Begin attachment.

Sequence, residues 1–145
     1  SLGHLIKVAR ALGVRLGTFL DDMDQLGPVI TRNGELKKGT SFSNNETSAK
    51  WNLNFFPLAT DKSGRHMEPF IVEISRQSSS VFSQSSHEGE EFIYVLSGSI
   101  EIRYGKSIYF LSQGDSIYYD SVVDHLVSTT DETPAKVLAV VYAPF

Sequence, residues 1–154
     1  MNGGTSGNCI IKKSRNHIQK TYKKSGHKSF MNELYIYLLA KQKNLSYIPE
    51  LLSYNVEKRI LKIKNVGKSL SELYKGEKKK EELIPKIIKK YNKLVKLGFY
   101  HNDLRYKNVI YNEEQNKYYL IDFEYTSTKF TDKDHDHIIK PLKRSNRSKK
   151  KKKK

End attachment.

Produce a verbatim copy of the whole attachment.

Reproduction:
Sequence, residues 1–145
     1  SLGHLIKVAR ALGVRLGTFL DDMDQLGPVI TRNGELKKGT SFSNNETSAK
    51  WNLNFFPLAT DKSGRHMEPF IVEISRQSSS VFSQSSHEGE EFIYVLSGSI
   101  EIRYGKSIYF LSQGDSIYYD SVVDHLVSTT DETPAKVLAV VYAPF

Sequence, residues 1–154
     1  MNGGTSGNCI IKKSRNHIQK TYKKSGHKSF MNELYIYLLA KQKNLSYIPE
    51  LLSYNVEKRI LKIKNVGKSL SELYKGEKKK EELIPKIIKK YNKLVKLGFY
   101  HNDLRYKNVI YNEEQNKYYL IDFEYTSTKF TDKDHDHIIK PLKRSNRSKK
   151  KKKK